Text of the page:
9. Not leveling your rig

The bubble level of a trailer.

Avoid the drunken feeling of an RV parked on uneven terrain by leveling your RV. Parking your rig on levelers, placing chocks between your tires, and ensuring your hitch level creates a comfortable camping experience without rocking or rolling.

10. Not knowing your RV specs

A road leading into a tunnel at Zion National Park in Utah.

When approaching a tunnel with height restrictions, you’ll realize why it’s important to know how tall and wide your rig is. Other quick specifications important to know are weight capacities, electrical amp requirements, and length.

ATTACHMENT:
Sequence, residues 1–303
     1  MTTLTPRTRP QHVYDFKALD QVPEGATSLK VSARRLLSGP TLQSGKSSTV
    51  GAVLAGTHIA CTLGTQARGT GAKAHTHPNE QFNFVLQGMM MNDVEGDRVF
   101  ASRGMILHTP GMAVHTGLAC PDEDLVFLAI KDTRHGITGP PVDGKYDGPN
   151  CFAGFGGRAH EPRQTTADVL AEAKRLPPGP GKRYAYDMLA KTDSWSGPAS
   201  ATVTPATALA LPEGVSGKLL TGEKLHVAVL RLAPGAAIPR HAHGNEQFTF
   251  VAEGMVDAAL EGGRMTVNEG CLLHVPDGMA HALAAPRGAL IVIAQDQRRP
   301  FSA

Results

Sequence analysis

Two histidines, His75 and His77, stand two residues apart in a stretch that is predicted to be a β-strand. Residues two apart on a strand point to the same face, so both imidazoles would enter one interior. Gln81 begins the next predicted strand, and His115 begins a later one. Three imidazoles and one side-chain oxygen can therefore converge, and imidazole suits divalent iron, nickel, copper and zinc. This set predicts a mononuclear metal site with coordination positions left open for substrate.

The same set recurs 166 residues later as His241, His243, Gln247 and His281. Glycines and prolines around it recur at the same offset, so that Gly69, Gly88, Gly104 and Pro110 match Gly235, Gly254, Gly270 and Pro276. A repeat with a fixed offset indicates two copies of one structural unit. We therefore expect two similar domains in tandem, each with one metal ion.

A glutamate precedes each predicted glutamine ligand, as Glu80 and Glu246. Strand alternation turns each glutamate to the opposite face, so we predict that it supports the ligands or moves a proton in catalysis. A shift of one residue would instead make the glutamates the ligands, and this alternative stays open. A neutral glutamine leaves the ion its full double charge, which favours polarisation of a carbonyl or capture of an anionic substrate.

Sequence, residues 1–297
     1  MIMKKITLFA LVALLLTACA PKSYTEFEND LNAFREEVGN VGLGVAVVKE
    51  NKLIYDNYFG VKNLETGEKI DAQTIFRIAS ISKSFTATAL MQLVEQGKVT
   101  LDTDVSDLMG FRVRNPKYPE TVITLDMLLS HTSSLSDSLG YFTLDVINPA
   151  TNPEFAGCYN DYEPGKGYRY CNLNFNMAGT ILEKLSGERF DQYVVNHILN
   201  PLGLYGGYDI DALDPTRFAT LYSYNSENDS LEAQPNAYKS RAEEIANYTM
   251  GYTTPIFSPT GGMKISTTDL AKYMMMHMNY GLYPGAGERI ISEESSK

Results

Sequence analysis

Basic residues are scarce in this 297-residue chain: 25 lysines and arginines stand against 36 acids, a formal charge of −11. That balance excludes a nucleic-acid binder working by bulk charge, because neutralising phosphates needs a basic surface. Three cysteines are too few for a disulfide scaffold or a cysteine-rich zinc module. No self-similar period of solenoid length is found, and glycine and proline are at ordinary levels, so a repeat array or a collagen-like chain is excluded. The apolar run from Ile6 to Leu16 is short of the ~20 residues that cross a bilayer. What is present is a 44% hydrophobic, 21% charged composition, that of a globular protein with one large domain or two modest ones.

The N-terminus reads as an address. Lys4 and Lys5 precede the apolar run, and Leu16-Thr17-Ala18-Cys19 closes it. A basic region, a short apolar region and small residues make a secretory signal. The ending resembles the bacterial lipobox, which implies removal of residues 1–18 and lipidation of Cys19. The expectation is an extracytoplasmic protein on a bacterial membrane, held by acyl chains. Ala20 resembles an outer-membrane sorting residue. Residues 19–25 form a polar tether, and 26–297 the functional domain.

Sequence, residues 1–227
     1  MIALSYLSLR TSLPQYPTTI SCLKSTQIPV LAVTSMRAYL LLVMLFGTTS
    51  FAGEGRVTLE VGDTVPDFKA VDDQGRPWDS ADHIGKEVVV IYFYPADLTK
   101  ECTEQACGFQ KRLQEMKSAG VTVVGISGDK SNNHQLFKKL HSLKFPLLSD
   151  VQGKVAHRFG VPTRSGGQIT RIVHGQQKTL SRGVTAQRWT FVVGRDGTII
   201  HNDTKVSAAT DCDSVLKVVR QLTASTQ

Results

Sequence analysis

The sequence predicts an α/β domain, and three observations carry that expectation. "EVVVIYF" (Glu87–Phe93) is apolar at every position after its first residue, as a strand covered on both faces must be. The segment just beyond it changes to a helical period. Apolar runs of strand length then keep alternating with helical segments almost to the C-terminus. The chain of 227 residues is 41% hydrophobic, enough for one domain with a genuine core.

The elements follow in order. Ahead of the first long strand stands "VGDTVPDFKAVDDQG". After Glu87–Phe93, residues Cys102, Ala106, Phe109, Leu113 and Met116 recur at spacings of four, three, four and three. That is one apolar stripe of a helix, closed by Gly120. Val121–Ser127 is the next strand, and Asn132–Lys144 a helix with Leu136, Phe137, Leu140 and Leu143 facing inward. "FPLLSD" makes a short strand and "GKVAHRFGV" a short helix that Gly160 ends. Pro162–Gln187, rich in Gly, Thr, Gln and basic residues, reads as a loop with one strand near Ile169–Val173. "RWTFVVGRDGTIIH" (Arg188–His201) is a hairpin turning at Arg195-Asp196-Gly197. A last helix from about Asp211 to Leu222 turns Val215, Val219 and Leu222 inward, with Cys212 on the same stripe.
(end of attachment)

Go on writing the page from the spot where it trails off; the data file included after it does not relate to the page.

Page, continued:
11. Not making reservations

A person scrolls through campground listings on Campspot on their phone.

Quickly fading are the days where you could roll into a campground in your RV, and with absolute certainty, there’s a site available. As the camping industry continues to evolve, camping reservations are more accessible than ever. Whether you’re using the Campspot website or app, booking your campsite ahead of time is courteous to the campground owner and prevents you from being potentially stranded!

I hope this quick guide helps you gain confidence and peace of mind before heading out in your new RV. Just think, one day, you’ll be the one sharing advice to an RV rookie!